$${{\mathscr{L}}}_{r}={{\mathscr{L}}}_{\rm{sim}}=\left\{\begin{array}{c}{{\mathscr{L}}}_{\rm{MI}}\left(X,Y\,\right)=-\mathop{\sum }\limits_{x\in {V}_{X}}\mathop{\sum }\limits_{y\in {V}_{Y}}p\left(x,y\right)\log \left(\frac{p(x,y)}{\sum _{x\in {V}_{X}}p(x,y)\sum _{y\in {V}_{Y}}p(x,y)}\right), \\ {\rm{for}}\; {\rm{the}}\; {\rm{original}}\; {\rm{brain}}\\ {{\mathscr{L}}}_{\rm{CC}}\left(X,Y\,\right)=\frac{1}{N}\mathop{\sum }\limits_{j=1}^{N}\frac{{\sum }_{i\in {\delta }_{j}}({X}_{i}-{\bar{X}}_{i})({Y}_{i}-{\bar{Y}}_{i})\,}{\sqrt{{\sum }_{i\in {\delta }_{j}}{\left({X}_{i}-{\bar{X}}_{i}\right)}^{2}{\sum }_{i\in {\delta }_{j}}{\left({Y}_{i}-{\bar{Y}}_{i}\right)}^{2}}}, \\ {\rm{for}}\; {\rm{style}}\; {\rm{transferred}}\; {\rm{brain}}\\ {{\mathscr{L}}}_{\rm{MSE}}\left(X,Y\,\right)=\sqrt{\frac{1}{N}{\sum }_{i=1}^{N}{\left({X}_{i}-{Y}_{i}\right)}^{2}}, \\ {\rm{for}}\; {\rm{brain}}\; {\rm{regions}}\end{array}\right.$$
$${{\mathscr{L}}}_{\rm{reg}}={\|\nabla \Phi \|}_{1}$$
$${{\mathscr{L}}}_{\rm{inv}}=\sqrt{\frac{1}{N}\mathop{\sum }\nolimits_{i=1}^{N}{\left({Y}_{i}-{I}_{i}\right)}^{2}},\,I=Y{\odot}{\Phi }^{-1}$$
$${\Phi }^{-1}=(-{\Phi }_{x}{\odot}\Phi ,-{\Phi }_{y}{\odot}\Phi ,-{\Phi }_{z}{\odot}\Phi )$$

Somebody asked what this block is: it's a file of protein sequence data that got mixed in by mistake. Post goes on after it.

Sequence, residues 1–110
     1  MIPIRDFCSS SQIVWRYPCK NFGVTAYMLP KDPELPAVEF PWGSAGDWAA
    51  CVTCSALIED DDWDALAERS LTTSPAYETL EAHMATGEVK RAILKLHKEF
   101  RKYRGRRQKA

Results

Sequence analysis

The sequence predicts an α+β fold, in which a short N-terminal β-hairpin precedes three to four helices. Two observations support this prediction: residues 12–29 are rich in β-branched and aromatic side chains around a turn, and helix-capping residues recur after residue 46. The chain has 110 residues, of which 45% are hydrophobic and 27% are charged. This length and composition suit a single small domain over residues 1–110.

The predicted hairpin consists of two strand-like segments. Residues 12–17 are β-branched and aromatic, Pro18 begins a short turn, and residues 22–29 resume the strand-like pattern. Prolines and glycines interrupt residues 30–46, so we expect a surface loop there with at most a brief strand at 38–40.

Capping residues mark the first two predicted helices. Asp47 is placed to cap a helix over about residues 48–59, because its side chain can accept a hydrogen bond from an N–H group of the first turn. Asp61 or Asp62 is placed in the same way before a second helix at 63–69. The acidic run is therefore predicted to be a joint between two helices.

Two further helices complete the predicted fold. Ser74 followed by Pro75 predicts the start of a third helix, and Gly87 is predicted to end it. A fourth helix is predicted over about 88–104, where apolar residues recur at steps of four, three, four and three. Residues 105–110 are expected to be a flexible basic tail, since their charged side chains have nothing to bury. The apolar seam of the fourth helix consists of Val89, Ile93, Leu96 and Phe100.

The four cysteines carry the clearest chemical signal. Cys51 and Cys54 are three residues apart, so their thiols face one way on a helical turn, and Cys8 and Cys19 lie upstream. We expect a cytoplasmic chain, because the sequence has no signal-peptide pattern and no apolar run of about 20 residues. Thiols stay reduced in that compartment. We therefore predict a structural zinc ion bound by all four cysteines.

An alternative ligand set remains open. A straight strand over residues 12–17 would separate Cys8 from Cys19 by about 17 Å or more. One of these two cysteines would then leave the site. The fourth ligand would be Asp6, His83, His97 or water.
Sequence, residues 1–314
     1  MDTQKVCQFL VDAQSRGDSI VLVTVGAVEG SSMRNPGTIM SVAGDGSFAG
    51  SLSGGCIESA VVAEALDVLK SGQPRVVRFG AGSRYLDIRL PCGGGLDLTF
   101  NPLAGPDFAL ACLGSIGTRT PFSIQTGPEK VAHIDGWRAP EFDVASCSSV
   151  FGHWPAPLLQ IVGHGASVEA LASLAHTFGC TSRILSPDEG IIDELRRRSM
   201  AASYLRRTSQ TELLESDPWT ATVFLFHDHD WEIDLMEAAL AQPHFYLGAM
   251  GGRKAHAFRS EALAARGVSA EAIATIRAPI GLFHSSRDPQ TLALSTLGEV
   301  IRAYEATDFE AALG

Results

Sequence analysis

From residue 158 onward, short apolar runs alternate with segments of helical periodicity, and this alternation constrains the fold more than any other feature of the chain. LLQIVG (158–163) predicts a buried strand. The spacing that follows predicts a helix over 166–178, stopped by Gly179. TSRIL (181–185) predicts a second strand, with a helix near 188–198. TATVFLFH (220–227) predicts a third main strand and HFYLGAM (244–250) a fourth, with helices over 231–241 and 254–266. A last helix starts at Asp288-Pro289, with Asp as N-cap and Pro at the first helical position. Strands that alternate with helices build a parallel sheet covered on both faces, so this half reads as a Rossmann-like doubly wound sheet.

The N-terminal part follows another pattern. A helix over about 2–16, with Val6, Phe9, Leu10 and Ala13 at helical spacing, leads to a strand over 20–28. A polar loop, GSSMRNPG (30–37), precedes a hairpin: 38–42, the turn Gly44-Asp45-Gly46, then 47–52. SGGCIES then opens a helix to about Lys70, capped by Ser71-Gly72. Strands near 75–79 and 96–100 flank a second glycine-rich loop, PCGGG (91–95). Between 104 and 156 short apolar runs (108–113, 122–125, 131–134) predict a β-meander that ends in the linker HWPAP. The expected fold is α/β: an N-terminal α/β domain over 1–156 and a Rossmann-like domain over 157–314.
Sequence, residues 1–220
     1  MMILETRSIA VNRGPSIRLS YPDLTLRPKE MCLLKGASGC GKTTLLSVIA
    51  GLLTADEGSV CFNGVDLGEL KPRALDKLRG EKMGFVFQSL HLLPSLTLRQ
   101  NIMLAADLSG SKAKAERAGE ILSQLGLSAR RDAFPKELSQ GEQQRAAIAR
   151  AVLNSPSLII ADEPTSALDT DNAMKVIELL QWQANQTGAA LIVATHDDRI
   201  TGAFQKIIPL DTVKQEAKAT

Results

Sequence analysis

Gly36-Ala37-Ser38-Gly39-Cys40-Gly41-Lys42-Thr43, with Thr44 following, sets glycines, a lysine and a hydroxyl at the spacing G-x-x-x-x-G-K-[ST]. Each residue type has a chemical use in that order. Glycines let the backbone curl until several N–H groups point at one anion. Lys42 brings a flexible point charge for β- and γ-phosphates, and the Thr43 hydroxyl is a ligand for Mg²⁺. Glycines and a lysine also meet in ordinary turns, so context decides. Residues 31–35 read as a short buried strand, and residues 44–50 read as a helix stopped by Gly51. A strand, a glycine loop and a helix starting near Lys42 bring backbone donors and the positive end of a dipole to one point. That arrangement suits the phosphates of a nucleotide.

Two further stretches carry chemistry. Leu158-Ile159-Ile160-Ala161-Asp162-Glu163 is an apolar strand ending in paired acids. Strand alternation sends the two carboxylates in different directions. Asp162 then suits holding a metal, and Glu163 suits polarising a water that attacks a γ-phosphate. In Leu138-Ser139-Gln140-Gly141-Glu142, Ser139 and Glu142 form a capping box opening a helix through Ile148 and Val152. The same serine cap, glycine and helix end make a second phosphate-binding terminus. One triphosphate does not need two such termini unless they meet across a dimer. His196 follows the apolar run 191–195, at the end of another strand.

where \({{\mathscr{L}}}_{r}\), \({{\mathscr{L}}}_{a}\), \({{\mathscr{L}}}_{v}\) indicate the loss functions of rigid, affine, multiscale VoxelMorph network, respectively. In the rigid network, there are three types of similarity loss function (\({{\mathscr{L}}}_{{\mathrm {sim}}}\)) in measuring the source brain and the reference brain (the mutual information loss (\({{\mathscr{L}}}_{{\mathrm {MI}}}\)), the cross-correlation loss (\({{\mathscr{L}}}_{{\mathrm {CC}}}\)) and the MSE loss (\({{\mathscr{L}}}_{{\mathrm {MSE}}}\))). \(X\) indicates the reference brain, where \(Y\) indicates the registered brain. For a brain location, p(x,y) indicates the probability of voxel values as \(x\) in \(X\) and \(y\) in \(Y\) at the same position. VX and VY indicate the two sets of all voxel values in \(X\) and \(Y\), respectively. δj indicates the cube with the size of s × s × s and the center of \(j\). \({\bar{X}}_{i}\) indicates the average voxel value of \({\delta }_{j}\) in X. The \({{\mathscr{L}}}_{\rm{MI}}\) is employed for the similarity measuring between the original source brain and the reference brain. The \({{\mathscr{L}}}_{\rm{CC}}\) is employed for the similarity measuring between the style-transferred source brain and the reference brain. The \({{\mathscr{L}}}_{{\mathrm {MSE}}}\) is employed for the similarity measuring between each brain region in source brain and the reference brain. In the affine network, besides the similarity loss (\({{\mathscr{L}}}_{\rm{sim}}\)), it also includes two more items (\({{\mathscr{L}}}_{\rm{ind}}\) for the penalization of the affine transformation from the identity and \({{\mathscr{L}}}_{\rm{rank}}\) for constraining brain scaling in the affine transformation matrix). \(A\) indicates the predicted affine transformation matrix, where \(b\) indicates the offset in the affine transformation. In the multiscale VoxelMorph network, besides the similarity loss (\({{\mathscr{L}}}_{\rm{sim}}\)), it also includes two more items (\({{\mathscr{L}}}_{\rm{reg}}\) for the constrain of the gradient in nonlinear to keep smooth transformation and \({{\mathscr{L}}}_{\rm{inv}}\) for the constraint of nonlinear transformation space). The \(\Phi\) indicates the nonlinear transformation space, where \({\Phi }^{-1}\) indicates the approximate inverse transformation in the nonlinear transformation space. \(\odot\) indicates the interpolation.